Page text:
Seeing a modem corollary to our peer review system, we named our society after Dr. Semmelweis as model. All we ask is that peer review be done with “clean hands.” We request that doctors not be second class citizens but have the same rights as found in a malpractice trial. An adverse peer review often leads to progressive expulsion from all hospital staffs. This domino effect is based on an “extended liability” concept that allows a flawed peer review at only one hospital, to be used as the sole reason for expulsion at all hospitals. Now with the National Data Bank, a flawed peer review decision will have a domino effect in every state, essentially terminating a medical career.
We’ve had experience in Sacramento when a number of doctors were facing peer review because of prior adverse action in one of the two hospitals that were merging. I understand that most of these doctors had their hospital practices terminated. In the one that I assisted in, the board member, who was playing the “judge,” opened the “trial” by stating, “We are here to affirm the decision of the medical executive committee.” There was no discernable attempt to hear both sides of the issue and render an informed opinion. I also understand the adversary physician bringing the charges was an employee of the hospital foundation. His vote was obviously in the bag.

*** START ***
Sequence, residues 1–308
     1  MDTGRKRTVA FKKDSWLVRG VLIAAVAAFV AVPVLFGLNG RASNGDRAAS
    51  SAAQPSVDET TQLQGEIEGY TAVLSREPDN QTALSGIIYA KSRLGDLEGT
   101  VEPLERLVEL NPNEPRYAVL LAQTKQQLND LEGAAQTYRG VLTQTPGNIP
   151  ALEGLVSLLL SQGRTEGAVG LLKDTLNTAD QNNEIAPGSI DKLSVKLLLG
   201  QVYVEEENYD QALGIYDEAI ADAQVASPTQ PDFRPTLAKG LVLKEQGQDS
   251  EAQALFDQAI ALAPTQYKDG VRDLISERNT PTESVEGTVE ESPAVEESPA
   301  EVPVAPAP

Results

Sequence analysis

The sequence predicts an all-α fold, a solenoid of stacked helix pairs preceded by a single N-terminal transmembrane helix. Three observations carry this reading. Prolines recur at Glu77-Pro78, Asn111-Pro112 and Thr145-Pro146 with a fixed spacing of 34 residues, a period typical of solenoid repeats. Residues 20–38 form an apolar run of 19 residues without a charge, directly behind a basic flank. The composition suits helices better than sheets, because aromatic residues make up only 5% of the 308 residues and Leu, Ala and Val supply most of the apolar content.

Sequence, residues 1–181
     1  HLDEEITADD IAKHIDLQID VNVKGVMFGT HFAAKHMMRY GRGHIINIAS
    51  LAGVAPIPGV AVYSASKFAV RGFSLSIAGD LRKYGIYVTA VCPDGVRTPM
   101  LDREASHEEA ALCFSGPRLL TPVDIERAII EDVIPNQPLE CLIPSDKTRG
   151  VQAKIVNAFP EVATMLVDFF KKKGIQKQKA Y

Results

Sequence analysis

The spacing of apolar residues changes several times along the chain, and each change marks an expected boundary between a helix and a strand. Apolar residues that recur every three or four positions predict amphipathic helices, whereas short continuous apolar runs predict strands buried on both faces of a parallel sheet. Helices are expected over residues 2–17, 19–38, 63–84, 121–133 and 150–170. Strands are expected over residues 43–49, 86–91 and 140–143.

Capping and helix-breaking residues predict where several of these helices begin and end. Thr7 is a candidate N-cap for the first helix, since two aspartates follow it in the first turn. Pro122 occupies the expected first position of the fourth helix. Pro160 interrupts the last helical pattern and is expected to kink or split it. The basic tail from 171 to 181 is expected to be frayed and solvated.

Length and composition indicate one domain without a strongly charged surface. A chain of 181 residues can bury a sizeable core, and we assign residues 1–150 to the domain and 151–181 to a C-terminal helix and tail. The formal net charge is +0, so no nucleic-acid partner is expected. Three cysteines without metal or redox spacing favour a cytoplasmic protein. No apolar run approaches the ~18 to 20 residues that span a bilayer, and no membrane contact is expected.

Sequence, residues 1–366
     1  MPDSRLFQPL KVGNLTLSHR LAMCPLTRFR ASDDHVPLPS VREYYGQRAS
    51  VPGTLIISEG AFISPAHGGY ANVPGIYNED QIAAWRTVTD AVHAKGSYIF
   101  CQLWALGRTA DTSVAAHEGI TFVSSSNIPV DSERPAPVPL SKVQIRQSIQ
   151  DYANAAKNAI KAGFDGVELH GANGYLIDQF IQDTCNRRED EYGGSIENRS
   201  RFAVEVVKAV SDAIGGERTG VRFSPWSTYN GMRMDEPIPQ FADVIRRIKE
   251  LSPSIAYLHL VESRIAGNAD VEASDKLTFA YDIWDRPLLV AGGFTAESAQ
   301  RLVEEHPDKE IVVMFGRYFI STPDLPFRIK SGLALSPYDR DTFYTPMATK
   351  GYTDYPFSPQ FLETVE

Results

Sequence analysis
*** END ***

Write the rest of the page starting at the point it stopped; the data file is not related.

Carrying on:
The profession of medicine is under attack. No one is safe from peer review abuse. Currently, one in 20 doctors will be peer reviewed. One in five will serve on such a committee. In addition to our 400 members, we have had communications and conversations with more than 1,000 physicians, many serving on such a committee. They felt uncomfortable about voting separately from the vocal elements on the committee, which frequently were a minority, but which then mustered a majority. Contract physicians will often be asked to serve on the review committee for their contract are then at risk without peer review rights.